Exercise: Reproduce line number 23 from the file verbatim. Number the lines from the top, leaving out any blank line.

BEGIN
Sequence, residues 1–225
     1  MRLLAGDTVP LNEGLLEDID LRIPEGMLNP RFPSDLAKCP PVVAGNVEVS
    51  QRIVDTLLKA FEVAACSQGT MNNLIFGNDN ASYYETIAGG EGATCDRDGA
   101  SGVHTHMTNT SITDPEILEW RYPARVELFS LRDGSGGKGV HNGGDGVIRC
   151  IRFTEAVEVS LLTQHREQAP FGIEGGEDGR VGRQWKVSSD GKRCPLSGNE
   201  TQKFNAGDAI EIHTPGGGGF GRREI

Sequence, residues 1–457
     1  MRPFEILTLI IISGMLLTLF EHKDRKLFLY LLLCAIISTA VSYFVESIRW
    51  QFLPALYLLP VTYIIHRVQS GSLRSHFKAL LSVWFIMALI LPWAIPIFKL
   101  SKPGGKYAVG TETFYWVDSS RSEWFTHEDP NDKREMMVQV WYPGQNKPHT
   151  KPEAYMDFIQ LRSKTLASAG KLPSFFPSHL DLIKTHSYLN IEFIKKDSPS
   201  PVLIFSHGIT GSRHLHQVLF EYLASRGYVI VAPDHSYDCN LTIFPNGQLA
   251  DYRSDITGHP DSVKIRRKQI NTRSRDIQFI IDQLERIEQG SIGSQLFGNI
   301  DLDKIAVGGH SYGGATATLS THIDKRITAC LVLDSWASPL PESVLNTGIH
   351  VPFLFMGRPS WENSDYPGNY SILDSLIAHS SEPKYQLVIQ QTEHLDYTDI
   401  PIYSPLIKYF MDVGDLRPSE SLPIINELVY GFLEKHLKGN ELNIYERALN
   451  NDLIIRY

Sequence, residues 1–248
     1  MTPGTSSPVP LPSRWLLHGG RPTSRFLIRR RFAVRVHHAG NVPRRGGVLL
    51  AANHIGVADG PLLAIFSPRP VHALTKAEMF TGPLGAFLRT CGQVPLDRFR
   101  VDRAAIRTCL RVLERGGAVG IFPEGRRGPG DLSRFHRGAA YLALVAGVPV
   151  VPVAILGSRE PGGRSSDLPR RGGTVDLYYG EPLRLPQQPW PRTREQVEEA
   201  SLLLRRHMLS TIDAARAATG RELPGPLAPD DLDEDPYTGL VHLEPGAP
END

   201  SLLLRRHMLS TIDAARAATG RELPGPLAPD DLDEDPYTGL VHLEPGAP